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Thought Leaders

Thought Leaders

Russell Thirgood

Russell Thirgood

Independent ArbitratorLevel 10, Waterfront Place1 Eagle StBrisbaneQLDAustralia4000

Thought Leader

Thought Leaders - Construction 2020

Q&A

WWL Ranking: Thought Leader

WWL says

Russell Thirgood is lauded by peers for his “commercial and effective advice” as well as his “impressive understanding of construction law”.

Questions & Answers

Russell Thirgood is an independent international arbitrator experienced in resolving complex and high value construction, infrastructure and energy related disputes. As arbitrator, Russell takes a modern and dynamic approach throughout the arbitration process. He is responsive to the needs of parties and their counsel to ensure the proceedings are conducted effectively and efficiently. He is considered, considerate, collaborative and concise.  International legal directories recognise Russell as an esteemed authority on major resources and infrastructure disputes. He is a Fellow of the Chartered Institute of Arbitrators and sits on the panels of international and domestic arbitral institutes.
What has been your greatest achievement to date?
I think one’s greatest achievements are private affairs and occur in the silent chamber of one’s soul. Many colleagues of mine have regarded my move to become an independent international arbitrator to be a courageous one. Enduring achievement requires persistence and resilience. Sometimes, one must devote decades to the pursuit of one’s goals.
Why did you choose to specialise as an arbitrator and what do you enjoy most about this role?
I enjoy working in collaboration with the parties and their counsel to resolve the dispute(s) before me. There is also a solitude in respect of the deliberation and award writing process which gives me a lot of professional satisfaction. The parties have invested a lot in the arbitral tribunal and it is humbling to be entrusted with the responsibility of giving their case deep consideration and then explaining one’s reasoning in a concise and understandable manner.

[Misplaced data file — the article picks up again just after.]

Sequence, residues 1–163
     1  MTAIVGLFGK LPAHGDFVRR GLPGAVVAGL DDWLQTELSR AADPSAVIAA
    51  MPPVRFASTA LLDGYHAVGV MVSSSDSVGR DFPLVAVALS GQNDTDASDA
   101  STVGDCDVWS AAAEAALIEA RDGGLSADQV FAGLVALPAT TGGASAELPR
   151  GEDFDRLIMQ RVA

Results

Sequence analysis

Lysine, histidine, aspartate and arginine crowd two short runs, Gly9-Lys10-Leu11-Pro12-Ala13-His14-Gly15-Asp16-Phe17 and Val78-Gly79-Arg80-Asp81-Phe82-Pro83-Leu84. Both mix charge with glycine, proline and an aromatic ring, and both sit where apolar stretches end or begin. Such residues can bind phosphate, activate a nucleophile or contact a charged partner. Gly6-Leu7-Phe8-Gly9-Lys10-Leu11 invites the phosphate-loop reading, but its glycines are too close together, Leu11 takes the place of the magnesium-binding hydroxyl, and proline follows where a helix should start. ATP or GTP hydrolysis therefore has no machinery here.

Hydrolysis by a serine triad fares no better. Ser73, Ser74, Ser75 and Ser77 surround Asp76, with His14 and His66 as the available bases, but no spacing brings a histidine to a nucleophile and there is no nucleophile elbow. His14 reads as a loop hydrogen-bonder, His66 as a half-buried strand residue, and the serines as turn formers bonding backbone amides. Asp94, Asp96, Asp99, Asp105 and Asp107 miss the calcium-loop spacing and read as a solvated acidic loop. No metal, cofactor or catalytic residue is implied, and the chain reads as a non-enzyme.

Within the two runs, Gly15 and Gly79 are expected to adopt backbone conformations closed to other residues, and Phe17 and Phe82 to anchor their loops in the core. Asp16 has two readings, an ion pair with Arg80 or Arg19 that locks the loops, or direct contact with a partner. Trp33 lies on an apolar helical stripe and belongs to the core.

What are the keys to successfully conducting an ad hoc arbitration as an arbitrator?
When one does not have the support of an arbitral institution, moving the arbitration forward in a spirit of collaboration with the parties is even more important than ever. I have been very fortunate to have had highly skilled and experienced counsel appear before me. Being responsive and treating counsel with great respect generally goes along way to assisting the entire process, including ensuring that concise and focused submissions are provided on the determinative issues of a case.
What are the best strategies for arbitrators when managing non-responsive parties in an arbitration?
Natural justice is, of course, a key feature of arbitration. It must be delivered even when one of the parties is non-responsive. A balancing act is required, which is recognised in most arbitration legislation, to ensure that a reasonable opportunity to be heard is given while not unfairly delaying the process against the interests of the responsive party (which generally, although not always, is the claimant).